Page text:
[0044] Returning to the beginning of the processing, if the flag has a value of 0 (S51: no), it is determined that the performer is not operating the readout position change operator 24, the phase value SP is set to the playback position PP (S58) previously determined. Consequently, the readout phase value SP is used to indicate the waveform data readout position whenever waveform data is being reproduced. If the readout position change operator 24 is not being used, the readout phase value SP is equal to the playback position PP, and so readout is synchronized with the tempo previously set by the performer. If the readout position change operator 24 is being used, the readout phase value SP is determined in accordance with the amount of operation of the readout position change operator, and the readout position is changed accordingly. The performer's operation of the readout position change operator 24 may cause the waveform data to be played through multiple times in either a forward or a reverse direction to produce the various effects, as described above. When the readout position change operator 24 ceases to be used, the readout phase value SP is again made equal to the playback position PP, which has been continuously updated in each DSP processing cycle. This causes playback of the waveform data to return to synchronization with the previously set tempo, such that played continues from a position that would be the current playback position had the readout position change operator 24 not been used. Thus playback of the waveform data may be altered through use of the readout position change operator 24, and when the performer ceases to use the readout position change operator 24, playback is resynchronized with the tempo previously set using the tempo setting operator.

[0045] Because the above-described processing updates values for both synchronized reproduction at the set tempo (PP) and the readout position indicated by operation of the readout position change operator (SP) in each DSP processing cycle, the device may return to playback in synchronization with the original tempo using the playback position values PP once the performer has ceased operation of the readout position phase operator 24.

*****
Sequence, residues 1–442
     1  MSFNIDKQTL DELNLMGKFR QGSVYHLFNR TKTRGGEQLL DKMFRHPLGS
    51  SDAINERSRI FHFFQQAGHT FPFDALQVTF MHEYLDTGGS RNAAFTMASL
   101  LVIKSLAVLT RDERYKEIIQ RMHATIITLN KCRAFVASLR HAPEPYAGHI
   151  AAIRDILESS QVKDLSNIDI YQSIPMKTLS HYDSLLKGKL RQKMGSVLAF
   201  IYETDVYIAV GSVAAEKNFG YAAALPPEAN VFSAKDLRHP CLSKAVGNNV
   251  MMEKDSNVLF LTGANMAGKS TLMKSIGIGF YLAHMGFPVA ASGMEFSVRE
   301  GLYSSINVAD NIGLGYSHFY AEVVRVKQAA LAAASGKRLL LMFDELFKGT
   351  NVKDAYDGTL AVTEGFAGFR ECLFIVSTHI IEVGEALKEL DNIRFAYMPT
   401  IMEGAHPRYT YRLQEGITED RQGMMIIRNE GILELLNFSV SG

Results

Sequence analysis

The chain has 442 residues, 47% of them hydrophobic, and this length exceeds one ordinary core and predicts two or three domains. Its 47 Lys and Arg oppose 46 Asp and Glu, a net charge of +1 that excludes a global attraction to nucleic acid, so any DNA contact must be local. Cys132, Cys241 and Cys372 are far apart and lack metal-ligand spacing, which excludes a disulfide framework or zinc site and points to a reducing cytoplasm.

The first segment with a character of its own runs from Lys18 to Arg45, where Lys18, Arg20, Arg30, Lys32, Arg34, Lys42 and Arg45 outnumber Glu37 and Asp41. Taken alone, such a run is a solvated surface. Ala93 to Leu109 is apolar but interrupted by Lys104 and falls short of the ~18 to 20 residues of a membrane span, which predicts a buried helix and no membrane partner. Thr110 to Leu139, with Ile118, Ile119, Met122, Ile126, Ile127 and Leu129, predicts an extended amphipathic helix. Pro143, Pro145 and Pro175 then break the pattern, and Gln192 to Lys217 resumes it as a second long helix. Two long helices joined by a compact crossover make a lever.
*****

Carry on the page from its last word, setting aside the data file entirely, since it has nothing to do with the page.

[0046] Next, an explanation will be given regarding a second preferred embodiment. In the first preferred embodiment, the readout phase value SP is changed based on the amount of operation dθ of the readout position change operator 24. In contrast, in the second preferred embodiment, a bender is furnished and the readout phase value SP is changed based on the amount of operation of the bender. The remainder of the configuration of the electronic musical instrument 1 for the second preferred embodiment is essentially the same as for the first preferred embodiment.

[0047] The bender of the second preferred embodiment is preferably implemented as a lever that can be moved left, right and forward, and that automatically returns to the center position when it is not being used. The electronic instrument is preferably configured such that when the lever is moved fully to the left, a timer value of 0.0 is produced, when the lever is in the center, a timer value of 1.0 is produced, and when the lever is moved fully to the right, a timer value of 2.0 is produced. Movement of the lever to intermediate positions generates corresponding intermediate timer values. Further, when the lever is moved forward, a switch is turned on, setting the value of a “Trip Flag” to equal 0, which indicates termination of use of the bender as described below.

[0048] An explanation will be given here with reference to FIG. 6 regarding the readout phase value SP generation processing using the bender of the second preferred embodiment. The processing of FIG. 6 shows the readout phase value SP generation processing that is executed by the DSP 20 in place of the processing of FIG. 5. When the execution of the readout phase value SP generation processing is initiated (S32), the value of the Trip Flag is determined. In this embodiment, the Trip Flag value is set to 1 when the bender is being operated. Moving the bender lever to the down forward position as described above sets the Trip Flag value back to 0, effectively providing an “off” function that is similar to removing pressure from the readout position change operator 24 in the first embodiment.

[0049] If it is determined that the Trip Flag value is 1 (S61: yes), it is indicated that the performer is operating the bender, and the readout phase value SP is updated by incrementing the phase value SP determined in the previous processing cycle by a stepping value Bender TR that corresponds to the timer value produced by the bender (S62). It is then determined whether the readout phase value SP is greater than the playback end position Playend. If the readout phase value SP exceeds the playback end position Playend (S63: yes), the end of the waveform playback segment has been exceeded, and the readout phase is moved backward by an amount equal to the length of the playback segment (S64), effectively causing playback to loop back to the beginning of the playback segment. On the other hand, if the readout phase value SP does not exceed the playback end position Playend (S63: no), the end of the playback segment has not been reached and the phase value SP does not have to be changed.

[0050] Returning to the beginning of the process, if it is determined that the Trip Flag value is 0 (S61: no), it is indicated that that the performer is not operating the bender or the lever has been brought to the down forward position, the readout phase value SP is set to the playback position PP (S65). As in the first embodiment, this effectively resynchronizes playback of the waveform data with the tempo previously set by the performer. Thus, the electronic musical instrument 1 of the second preferred embodiment provides the same advantageous result as the first preferred embodiment by means of the operation of the bender.